17. That boy works as a photographer for the Associated Press. ~ Nancy Lee, ASSOCIATED PRESS
  18. Dad takes the white marten from the trap. ~ Eden Robinson, TRAPLINES
  19. If you were to write a letter out of the blue, typewritten, handwritten, whatever, and remind me that you were once in the same advanced recorder class with me at the YMCA on the south side of Montreal and that you were the girl given to head colds and black knitted tights and whose Sprightly Music for the Recorder had shed its binding, then I would, feigning a little diffidence, try to shore up a coarsened image of the winter of 1972. ~ Carol Shields, CHEMISTRY
  20. Mashenka Pavletsky, a young girl who had only just finishe dher studies at a boarding school, returning from a walk to the house of the Kushkins, with whom she was living as a governess, found hte household in a terrible turmoil. ~ Anton Chekhov, AN UPHEAVAL

Novel: Story Starters

The fourteen story starters below come from successful novels. Whether for short stories or novels, the first sentence serves one purpose—to pique our interest and make us want to read on.
  1. On a wet night in Thatcher's Britain, a miracle was delivered onto the pockmarked pavement behind a decrepit building once known as Lambeth Hospital. ~ Camilla Gibb, SWEETNESS IN THE BELLY
  2. First, the facts. ~ Richard Russo, BRIDGE OF SIGHS
  3. I have never looked into my sister's eyes. ~ Lori Lansens, THE GIRLS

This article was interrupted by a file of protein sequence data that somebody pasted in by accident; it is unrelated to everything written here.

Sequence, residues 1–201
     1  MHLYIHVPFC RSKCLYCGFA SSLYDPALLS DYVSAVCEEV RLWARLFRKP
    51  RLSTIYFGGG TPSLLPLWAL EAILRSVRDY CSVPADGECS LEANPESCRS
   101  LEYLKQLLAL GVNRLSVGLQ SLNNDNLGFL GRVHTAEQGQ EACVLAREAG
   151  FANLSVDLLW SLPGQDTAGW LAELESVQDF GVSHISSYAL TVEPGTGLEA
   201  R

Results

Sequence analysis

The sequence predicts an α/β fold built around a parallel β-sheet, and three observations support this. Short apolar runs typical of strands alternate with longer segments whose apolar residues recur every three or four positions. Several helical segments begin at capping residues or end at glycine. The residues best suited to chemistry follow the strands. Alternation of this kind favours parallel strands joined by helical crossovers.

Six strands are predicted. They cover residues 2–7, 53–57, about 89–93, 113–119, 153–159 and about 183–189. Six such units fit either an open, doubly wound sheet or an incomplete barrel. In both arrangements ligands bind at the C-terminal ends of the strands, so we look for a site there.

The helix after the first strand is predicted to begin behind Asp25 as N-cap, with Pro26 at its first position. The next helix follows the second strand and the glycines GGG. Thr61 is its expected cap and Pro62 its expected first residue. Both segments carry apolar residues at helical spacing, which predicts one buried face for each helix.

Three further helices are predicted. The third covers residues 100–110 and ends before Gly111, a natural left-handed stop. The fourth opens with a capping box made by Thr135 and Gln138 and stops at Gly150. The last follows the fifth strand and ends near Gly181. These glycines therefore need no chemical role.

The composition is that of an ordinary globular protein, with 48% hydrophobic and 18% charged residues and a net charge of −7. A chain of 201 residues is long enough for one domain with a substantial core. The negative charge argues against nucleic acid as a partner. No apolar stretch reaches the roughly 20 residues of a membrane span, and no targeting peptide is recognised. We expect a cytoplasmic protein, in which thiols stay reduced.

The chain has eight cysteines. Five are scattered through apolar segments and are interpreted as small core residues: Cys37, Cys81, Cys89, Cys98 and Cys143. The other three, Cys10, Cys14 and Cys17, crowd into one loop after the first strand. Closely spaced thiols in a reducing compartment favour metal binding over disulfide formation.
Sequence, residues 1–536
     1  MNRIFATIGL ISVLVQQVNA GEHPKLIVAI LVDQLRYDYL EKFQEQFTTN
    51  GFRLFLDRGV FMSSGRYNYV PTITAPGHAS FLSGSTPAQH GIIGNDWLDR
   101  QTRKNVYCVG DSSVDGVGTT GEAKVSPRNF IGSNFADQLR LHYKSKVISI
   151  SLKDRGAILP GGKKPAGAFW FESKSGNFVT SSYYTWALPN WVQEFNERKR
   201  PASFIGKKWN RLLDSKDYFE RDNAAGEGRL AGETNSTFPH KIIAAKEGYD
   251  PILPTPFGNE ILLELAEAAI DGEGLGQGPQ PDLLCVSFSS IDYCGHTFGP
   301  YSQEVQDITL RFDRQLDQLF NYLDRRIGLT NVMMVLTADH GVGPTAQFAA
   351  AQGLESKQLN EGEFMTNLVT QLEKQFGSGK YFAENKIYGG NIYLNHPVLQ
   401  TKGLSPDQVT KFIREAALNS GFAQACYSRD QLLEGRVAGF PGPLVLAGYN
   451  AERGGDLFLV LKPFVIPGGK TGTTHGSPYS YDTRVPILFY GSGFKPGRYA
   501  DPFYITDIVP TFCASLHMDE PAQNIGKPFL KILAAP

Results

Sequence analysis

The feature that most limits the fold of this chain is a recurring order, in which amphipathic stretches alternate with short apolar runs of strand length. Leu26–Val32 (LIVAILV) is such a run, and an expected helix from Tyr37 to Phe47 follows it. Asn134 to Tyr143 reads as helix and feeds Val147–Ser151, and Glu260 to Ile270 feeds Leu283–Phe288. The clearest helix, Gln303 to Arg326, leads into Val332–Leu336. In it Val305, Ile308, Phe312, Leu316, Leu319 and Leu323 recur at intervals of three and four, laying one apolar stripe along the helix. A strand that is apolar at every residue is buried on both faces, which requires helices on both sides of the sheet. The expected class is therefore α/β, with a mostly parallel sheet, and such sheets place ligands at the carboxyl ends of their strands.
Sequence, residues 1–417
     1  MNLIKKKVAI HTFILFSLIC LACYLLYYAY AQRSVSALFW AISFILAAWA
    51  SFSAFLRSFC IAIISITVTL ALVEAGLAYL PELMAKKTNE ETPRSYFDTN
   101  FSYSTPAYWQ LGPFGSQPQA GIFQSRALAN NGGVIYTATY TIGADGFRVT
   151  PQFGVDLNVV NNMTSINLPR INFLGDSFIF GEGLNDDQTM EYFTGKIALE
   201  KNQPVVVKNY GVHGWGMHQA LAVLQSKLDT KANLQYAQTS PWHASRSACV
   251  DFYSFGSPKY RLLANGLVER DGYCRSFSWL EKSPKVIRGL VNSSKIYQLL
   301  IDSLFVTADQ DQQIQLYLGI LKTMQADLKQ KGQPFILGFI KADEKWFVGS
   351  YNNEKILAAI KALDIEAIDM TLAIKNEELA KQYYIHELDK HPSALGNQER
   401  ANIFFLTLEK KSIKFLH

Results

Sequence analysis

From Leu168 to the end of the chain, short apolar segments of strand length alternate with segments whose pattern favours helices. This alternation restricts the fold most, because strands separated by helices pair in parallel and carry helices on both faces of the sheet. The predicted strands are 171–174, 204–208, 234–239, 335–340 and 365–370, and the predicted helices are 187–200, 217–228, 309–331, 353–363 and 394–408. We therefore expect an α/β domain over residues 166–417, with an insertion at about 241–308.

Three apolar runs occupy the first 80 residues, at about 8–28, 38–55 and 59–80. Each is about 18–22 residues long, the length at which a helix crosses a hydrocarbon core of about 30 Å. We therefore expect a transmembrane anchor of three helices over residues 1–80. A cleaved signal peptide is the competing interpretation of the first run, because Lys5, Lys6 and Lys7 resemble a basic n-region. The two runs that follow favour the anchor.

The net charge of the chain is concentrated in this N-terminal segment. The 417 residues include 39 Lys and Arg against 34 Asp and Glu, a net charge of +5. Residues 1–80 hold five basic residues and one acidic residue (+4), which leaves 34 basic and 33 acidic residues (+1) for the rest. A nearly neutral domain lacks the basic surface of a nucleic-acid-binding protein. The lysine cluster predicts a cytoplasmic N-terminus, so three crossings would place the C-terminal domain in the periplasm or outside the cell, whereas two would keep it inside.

4. The only doctor in town was Tailgate Smith. ~ Robert Hilles, A GRADUAL RUIN
  5. The first time I met Cosmo, Your Honour, was in my mother's eyes. ~ Nancy Huston, AN ADORATION
  6. A few years ago it dawned on me that everybody past a certain age—regardless of how they look on hte outside—pretty much constantly dreams of being able to escape from their lives. ~ Douglas Copeland, THE GUM THIEF
  7. All day, the colors had been those of dusk, mist moving like a water creature across the great flanks of mountains possessed of ocean shadows and depths. ~ Kiran Desai, THE INHERITANCE OF LOSS
  8. I only looked away for a moment.
  9. One morning toward the end of the summer they burned away my face my little brother and I were playing on the bank of the river that flowed past the eatern edge of our old neighbourhood, on the grassy floodplain that had been my people's home and misery for centuries. ~ Dennis Bock, THE ASH GARDEN
  10. Storms are sex. ~ Kevin Patterson, CONSUMPTION
  11. The trees whoosh in the wind, their leaves are green and black in the Ford headlights that bounce up and down through the grey dust of the road. ~ Marilyn Bowering, WHAT IT TAKE TO BE HUMAN
  12. I went to England to see my daughter. ~ Richard Wright, OCTOBER
  13. On a sweltering afternoon in early June, Celia Fox stands at the railing of her deck and smokes the second-to-last cigarette she'll allow herself before going to work. ~ Barbara Gowdy, HELPLESS
  14. I seem to have trouble dying. ~ Lawrence Hill, THE BOOK OF NEGROES
  15. Mariam was five years old the first time she heard the word harami. ~ Khaled Hosseini, A THOUSAND SPLENDID SUNS

Brilliant Story Starters are unforgettable.

How about this brilliant story starter from Justin Torres novel We the Animals:

We all three sat at the kitchen table in our raincoats, and Joel smashed tomatoes with a small rubber mallet. We had seen it on TV: a man with an untamed mustache and a mallet slaughtering vegetables,and people in clear plastic ponchos soaking up the mess, having the time of their lives. We aimed to smile like that.We felt the pop and smack of tomato guts exploding; the guts dripped down the walls and landed on our cheeks andforeheads and congealed in our hair.

Related Pages